In protected mode, segmentation is quite different with that of real mode. As we know, although general purpose registers, index and pointer registers are extended to 32 bit from 80386 or even 64 bit from Pentium Pro, segment registers are still 16 bit. It's not realistic to store the starting point into a 16 bit register because the address is 32 bit wide. Thus, it uses a level of indirection. There' s a set of table called Global Descriptor Tables (GDT) or Local Descriptor Tables (LDT) which store the base address and other information of a segment. The segment registers stores one 16 bit field called Segment Selector that contains the offset pointing to certain entry called Segment Descriptor in GDT or LDT. Thus the information of a given segment could be found.
Global & Local Descriptor Table
The Global Descriptor Table (GDT) is a table in memory that defines the processor's memory segments. The GDT sets the behavior of the segment registers and helps to ensure that protected mode operates smoothly. More about GDT and LDT
Segment Descriptor is a 8-byte field, as an entry of either GDT or LDT, which contains important information of a segment such as base address, segment limit, access permission etc. Here's the examples of segment descriptors:
Segment Selector is a 16-bit field, stored in segment registers, specifying the which Segment Descriptor corresponds to the segment. In Protected Mode, the segment selector consists of 3 parts:
- index, which is an index into the GDT and thus points to an entry of the GDT called a segment descriptor. - table indicator, which indicates whether the selector points to a GDT or an LDT. - requestor privilege level (RPL), which is the privilege level of the CPU when the selector is loaded.
Bits 0 to 13 of a segment selector specify the index, as described above. This is an index into the GDT, which means specifying 0 for the index will access the first segment descriptor, 1 will access the second descriptor and so on. The index is multiplied by 8 to get the address of the descriptor in the table.
Every time the CPU need to get an address, it first need to get the segment selector in segment register, and then use the offset in selector to visit GDT or LDT which are stored in main memory. As it discussed in my previous article about Cache, accessing main memory is too slow and performance of pipelining will severely affacted. Thus, each segment register is equipped with an accompanying little non-programmable register called "shadow register" caching the segment descriptor of the current segment. Whenever a segment selector is loaded in one of the registers, the corresponding segment descriptor is accessed from the GDT in memory and loaded into this shadow register. Future references to the segment descriptor will use the contents of this shadow register and memory access could be avoided.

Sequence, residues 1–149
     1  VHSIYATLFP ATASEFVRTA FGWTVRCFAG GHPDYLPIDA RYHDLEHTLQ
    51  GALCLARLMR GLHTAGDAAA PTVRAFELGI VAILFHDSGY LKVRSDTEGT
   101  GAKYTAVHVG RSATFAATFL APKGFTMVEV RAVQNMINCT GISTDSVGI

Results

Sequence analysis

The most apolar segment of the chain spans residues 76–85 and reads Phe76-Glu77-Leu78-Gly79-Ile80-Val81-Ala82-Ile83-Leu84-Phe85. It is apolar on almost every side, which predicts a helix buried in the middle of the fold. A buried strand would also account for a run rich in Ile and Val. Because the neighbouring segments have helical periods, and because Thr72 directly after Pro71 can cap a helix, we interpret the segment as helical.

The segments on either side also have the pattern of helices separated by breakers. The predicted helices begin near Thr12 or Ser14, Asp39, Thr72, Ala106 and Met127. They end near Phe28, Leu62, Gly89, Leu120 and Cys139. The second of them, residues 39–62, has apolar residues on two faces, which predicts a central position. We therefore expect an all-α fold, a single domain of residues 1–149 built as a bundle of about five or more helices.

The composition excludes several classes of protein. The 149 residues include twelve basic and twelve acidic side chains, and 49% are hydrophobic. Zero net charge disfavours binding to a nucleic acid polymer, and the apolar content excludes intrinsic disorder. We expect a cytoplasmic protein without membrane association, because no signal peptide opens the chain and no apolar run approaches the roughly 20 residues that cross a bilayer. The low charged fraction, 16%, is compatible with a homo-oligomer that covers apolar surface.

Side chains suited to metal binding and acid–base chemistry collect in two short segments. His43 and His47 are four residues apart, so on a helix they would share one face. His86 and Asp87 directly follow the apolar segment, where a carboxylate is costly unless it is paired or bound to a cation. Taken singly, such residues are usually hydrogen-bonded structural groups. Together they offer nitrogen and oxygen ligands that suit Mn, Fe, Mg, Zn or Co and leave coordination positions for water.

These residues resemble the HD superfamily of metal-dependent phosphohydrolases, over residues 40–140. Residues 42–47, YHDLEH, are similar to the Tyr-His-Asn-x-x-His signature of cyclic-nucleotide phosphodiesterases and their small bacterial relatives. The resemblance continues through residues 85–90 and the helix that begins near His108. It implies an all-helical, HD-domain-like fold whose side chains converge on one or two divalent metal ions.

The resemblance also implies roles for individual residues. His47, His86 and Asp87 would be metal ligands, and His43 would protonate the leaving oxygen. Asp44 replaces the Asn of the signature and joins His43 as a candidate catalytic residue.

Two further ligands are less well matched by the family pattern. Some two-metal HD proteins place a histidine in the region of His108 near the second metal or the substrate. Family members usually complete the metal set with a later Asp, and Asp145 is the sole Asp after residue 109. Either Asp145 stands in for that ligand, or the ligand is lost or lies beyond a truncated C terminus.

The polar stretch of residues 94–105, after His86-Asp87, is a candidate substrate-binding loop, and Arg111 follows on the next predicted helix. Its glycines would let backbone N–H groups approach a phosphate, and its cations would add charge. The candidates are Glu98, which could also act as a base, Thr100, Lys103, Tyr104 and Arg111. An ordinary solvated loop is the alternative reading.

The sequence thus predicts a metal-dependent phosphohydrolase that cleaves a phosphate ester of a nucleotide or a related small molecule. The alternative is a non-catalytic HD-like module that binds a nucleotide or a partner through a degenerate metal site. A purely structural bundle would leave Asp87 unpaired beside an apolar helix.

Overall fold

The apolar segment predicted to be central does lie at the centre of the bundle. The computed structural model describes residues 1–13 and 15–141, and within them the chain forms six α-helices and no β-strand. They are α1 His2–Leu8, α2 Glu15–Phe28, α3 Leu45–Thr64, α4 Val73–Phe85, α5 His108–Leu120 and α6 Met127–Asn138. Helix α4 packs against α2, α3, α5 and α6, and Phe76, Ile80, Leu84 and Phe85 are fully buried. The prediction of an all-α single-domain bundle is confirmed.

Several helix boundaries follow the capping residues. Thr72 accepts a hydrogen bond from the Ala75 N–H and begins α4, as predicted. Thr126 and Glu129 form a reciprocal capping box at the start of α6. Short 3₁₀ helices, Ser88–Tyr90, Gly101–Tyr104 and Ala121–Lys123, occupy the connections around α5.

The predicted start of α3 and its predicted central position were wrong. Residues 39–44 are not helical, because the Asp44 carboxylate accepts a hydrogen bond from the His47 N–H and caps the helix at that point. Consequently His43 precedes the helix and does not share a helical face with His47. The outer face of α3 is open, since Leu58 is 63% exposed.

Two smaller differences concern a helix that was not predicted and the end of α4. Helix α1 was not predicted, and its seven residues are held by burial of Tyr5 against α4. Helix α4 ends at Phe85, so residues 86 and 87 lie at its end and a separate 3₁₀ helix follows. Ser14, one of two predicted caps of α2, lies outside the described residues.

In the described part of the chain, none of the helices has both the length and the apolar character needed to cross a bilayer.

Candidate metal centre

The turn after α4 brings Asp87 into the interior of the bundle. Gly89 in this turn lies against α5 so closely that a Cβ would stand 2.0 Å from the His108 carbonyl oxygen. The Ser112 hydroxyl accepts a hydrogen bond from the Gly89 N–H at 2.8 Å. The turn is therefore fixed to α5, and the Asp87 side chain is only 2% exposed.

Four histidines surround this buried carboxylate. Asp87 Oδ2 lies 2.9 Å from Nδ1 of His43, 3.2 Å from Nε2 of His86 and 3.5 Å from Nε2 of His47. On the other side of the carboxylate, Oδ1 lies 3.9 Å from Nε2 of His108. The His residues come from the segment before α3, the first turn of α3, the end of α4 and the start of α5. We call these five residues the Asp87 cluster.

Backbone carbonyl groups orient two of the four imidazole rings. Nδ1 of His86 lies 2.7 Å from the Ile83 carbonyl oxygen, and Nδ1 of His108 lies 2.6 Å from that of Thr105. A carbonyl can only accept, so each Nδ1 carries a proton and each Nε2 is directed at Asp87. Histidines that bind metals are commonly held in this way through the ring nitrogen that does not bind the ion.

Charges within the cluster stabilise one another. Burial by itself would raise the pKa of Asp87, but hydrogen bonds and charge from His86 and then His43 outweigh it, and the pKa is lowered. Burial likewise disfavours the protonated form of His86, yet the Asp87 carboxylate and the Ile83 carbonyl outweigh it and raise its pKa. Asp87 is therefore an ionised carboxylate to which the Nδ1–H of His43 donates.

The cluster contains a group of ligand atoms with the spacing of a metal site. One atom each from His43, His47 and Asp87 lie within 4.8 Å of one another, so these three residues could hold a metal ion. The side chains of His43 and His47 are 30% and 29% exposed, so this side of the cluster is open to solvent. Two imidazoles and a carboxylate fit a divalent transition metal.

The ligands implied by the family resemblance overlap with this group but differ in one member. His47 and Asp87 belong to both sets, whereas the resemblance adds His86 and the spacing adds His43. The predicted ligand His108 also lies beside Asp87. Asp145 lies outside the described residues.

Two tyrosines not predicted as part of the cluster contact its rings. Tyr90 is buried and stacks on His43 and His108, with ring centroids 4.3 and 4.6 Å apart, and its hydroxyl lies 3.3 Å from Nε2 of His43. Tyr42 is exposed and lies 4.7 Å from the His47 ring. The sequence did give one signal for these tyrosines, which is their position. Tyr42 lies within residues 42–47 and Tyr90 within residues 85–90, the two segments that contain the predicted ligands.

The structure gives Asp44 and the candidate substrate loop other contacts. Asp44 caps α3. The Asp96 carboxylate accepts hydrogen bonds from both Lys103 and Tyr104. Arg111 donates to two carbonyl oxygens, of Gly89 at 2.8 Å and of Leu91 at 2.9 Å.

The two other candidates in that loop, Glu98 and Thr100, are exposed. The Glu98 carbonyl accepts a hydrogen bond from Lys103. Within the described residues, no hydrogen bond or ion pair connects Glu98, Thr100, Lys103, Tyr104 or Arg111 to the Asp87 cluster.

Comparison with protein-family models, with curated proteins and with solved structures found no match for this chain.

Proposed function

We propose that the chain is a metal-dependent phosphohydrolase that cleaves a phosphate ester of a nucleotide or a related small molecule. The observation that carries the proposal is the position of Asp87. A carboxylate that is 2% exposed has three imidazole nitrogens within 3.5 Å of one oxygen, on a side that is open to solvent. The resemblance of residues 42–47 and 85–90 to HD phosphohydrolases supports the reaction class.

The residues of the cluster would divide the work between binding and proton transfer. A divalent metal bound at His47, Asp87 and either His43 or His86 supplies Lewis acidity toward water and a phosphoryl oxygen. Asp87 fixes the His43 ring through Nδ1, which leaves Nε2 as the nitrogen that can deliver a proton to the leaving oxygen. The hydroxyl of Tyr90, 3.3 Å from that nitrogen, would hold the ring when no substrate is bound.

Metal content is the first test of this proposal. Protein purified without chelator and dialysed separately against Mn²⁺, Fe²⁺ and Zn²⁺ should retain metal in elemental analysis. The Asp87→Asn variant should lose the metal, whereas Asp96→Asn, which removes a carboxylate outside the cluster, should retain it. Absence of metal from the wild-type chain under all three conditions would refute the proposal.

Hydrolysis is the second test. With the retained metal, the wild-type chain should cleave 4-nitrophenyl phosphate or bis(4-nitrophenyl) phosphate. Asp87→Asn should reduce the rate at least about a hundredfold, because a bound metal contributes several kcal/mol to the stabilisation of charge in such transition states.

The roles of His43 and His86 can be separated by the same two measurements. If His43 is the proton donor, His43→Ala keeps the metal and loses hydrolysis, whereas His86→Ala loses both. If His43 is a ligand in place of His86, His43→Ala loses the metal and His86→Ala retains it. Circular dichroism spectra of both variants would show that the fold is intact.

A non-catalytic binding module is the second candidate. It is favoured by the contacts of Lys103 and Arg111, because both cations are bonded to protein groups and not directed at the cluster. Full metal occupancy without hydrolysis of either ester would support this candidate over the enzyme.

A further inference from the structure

Calculate an linear address in Protected Mode Segmentation
Step 1: Examines the TI field of the Segment Selector, in order to determine which Descriptor Table stores the Segment Descriptor. This field indicates that the Descriptor is either in the GDT (in which case the segmentation unit gets the base linear address of the GDT from the gdtr register) or in the active LDT (in which case the segmentation unit gets the base linear address of that LDT from the ldtr register).
Step 2: Computes the address of the Segment Descriptor from the index field of the Segment Selector. The index field is multiplied by 8 (the size of a Segment Descriptor), and the result is added to the content of the gdtr or ldtr register.
Step 3: Adds to the Base field of the Segment Descriptor the offset of the logical address, thus obtains the linear address.
Segmentation is first used to solve the problem in 8086 that address bus width is larger than data bus width. With the growth of x86, now segmentation becomes an important method in memory management. There's another meomry management method called paging, I'll cover paging in the next post in this category. However, Linux use segmentation in a very limited way. This remind me of a very classic philosophy in Unix: providing mechanism instead of policy. x86 provide two mechanism of memory management segmentation and paging, while how the Operating System implement is the policy. In the category of Linux, I'll post another article about segmentation and paging in Linux.